The thing to remember is that a lot of these healthy compounds like the limonoids are found in the white stuff that surrounds the orange, or even in the peel.
The membranes between the segments of the fruit provide a good amount of pectin, a soluble dietary fiber that may help to control cholesterol levels.
Do you painstakingly take off the white part of the orange before eating it? Well, don't. Half of the orange's pectin is contained in the albedo, the inner white
spongy layer that lies right under the colorful part of the skin. So if you want to enjoy the health benefits of oranges to the full, don't be too neat when you eat it.
And if you want to make orange juice and your juicer is one of those powerhouses that can handle it, throw the whole fruit in, peel and all.
We must make a distinction between commercial, mass-produced orange juice and the real, freshly squeezed orange juice you can get at home or in some bars.
If you look at a carton or bottle of orange juice, you may find that the sugar content is huge and it doesn't hold a candle to the health benefits of the whole orange.
But freshly prepared orange juice has some advantages. Granted, it doesn't have the same amount of fiber as the whole fruit, but if it's done properly it can still retain most of the health properties of oranges.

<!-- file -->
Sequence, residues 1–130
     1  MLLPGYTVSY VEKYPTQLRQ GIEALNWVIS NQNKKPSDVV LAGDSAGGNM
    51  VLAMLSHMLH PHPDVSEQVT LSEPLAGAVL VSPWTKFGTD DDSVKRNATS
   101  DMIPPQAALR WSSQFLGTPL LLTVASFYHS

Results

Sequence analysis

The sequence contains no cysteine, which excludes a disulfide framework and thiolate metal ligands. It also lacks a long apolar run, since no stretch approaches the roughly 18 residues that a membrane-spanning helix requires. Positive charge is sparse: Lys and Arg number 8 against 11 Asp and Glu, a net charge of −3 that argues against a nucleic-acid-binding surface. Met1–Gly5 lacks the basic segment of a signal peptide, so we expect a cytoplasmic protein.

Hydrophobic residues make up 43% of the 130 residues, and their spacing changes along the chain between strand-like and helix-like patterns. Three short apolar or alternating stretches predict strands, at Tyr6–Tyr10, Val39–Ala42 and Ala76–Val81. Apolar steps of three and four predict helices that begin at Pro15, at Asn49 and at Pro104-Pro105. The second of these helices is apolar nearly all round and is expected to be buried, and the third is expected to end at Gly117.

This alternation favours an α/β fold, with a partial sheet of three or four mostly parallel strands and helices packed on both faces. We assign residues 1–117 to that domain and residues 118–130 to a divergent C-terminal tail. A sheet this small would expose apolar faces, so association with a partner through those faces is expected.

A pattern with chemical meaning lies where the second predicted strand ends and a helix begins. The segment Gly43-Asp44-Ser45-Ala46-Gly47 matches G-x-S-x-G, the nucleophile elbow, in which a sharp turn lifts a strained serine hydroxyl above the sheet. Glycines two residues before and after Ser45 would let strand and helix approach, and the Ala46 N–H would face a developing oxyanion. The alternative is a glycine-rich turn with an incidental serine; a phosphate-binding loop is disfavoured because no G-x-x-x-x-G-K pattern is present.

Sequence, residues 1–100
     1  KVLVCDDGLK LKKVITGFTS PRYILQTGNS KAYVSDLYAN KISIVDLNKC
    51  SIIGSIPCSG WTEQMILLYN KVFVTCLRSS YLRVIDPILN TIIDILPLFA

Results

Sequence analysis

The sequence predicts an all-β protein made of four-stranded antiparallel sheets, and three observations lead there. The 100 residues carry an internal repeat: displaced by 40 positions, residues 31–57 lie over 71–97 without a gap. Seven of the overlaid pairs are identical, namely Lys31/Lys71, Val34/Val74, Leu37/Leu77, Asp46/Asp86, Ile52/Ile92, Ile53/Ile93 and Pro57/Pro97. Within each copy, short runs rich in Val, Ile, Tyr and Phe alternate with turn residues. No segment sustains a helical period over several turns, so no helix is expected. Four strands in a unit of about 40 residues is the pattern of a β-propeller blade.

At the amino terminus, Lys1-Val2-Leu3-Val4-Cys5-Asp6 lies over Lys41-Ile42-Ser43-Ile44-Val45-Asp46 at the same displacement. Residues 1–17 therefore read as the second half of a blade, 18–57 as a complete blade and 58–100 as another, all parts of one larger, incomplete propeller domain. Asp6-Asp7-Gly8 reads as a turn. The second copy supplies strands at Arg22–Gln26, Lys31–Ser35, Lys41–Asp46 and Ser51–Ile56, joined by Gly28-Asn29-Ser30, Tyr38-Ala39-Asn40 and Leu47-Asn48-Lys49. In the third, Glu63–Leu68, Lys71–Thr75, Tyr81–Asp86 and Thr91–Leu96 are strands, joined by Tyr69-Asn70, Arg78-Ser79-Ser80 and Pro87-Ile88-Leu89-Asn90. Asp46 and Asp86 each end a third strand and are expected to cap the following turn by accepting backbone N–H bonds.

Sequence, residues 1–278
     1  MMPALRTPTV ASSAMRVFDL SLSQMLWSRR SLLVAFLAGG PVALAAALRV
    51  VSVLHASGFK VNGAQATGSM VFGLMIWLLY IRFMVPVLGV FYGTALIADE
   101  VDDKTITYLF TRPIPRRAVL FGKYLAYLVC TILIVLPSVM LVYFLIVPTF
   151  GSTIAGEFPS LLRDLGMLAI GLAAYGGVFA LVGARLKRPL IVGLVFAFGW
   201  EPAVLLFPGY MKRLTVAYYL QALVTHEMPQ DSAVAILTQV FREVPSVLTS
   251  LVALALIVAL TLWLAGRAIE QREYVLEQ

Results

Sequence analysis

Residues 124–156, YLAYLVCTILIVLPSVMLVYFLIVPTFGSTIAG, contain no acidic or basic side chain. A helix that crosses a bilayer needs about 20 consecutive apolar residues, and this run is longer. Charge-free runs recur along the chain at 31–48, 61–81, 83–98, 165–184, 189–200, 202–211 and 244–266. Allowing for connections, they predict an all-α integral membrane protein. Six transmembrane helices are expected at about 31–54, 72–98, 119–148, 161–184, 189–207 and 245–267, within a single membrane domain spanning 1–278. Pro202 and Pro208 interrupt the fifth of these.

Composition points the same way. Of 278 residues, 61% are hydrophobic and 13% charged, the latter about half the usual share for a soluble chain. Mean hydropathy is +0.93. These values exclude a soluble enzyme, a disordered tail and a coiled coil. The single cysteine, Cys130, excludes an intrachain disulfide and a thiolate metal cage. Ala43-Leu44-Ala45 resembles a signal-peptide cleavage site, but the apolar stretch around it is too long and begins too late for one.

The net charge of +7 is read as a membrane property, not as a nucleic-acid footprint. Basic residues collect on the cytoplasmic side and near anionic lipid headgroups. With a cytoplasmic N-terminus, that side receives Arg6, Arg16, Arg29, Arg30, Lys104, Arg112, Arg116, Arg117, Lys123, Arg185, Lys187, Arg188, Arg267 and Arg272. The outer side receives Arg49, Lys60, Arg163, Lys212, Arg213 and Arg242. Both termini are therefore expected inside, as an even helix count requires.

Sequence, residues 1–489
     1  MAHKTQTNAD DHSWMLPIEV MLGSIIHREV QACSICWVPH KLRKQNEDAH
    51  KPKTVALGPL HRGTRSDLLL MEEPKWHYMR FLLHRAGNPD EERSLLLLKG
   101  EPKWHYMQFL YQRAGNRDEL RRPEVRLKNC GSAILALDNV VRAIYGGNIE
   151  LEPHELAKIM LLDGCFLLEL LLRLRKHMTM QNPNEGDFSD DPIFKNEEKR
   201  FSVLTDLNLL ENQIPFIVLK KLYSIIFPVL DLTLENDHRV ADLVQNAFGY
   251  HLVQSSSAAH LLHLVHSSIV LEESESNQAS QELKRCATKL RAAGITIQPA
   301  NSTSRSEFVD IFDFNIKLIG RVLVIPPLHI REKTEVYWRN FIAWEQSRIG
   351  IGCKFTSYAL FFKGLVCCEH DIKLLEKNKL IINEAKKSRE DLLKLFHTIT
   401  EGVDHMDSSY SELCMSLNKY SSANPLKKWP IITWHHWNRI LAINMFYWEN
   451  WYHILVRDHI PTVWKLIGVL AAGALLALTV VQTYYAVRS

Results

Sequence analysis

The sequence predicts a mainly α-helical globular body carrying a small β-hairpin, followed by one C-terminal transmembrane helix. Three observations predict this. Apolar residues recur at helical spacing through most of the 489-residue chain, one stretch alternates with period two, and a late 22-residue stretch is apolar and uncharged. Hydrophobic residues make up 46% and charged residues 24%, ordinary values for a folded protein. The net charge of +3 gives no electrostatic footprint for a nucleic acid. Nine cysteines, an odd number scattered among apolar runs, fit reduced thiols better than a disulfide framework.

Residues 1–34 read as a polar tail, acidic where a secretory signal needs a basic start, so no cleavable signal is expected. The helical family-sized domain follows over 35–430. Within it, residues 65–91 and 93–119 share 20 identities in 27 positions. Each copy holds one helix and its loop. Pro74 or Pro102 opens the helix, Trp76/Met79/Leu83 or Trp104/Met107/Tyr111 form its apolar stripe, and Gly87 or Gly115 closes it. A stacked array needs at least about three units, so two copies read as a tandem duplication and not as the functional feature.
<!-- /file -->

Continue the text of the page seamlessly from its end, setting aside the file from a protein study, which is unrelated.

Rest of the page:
In one study, University of Florida investigators tested the therapeutic value of orange juice in humans exposed to the rubella (German measles) virus. Half of the test subjects eliminated all citrus fruits from their diet as well as all vitamin supplements. The other half drank a daily liter of orange juice.
The conclusion: Drinking orange juice did combat the rubella infection by lessening symptoms in the respiratory tract and accelerating the appearance of rubella-fighting antibodies in the blood.
The researchers attributed the juice's therapeutic benefit to the vitamin C content as well as the other powerful compounds in oranges.
But in Canadian tests, orange juice bought at supermarkets did not display antiviral activity in test tubes.
So if you want to enjoy to the full the health benefits of oranges, please make sure your orange juice is as fresh as possible and it contains as much of the pulp as possible. If, as stated above, it contains some of the peel as well, even better.
As incredible as it may sound, there's much more to oranges than what I've mentioned on this page. Please, don't forget to read my newsletter on Hesperidin and you'll learn even more about the health benefits of oranges!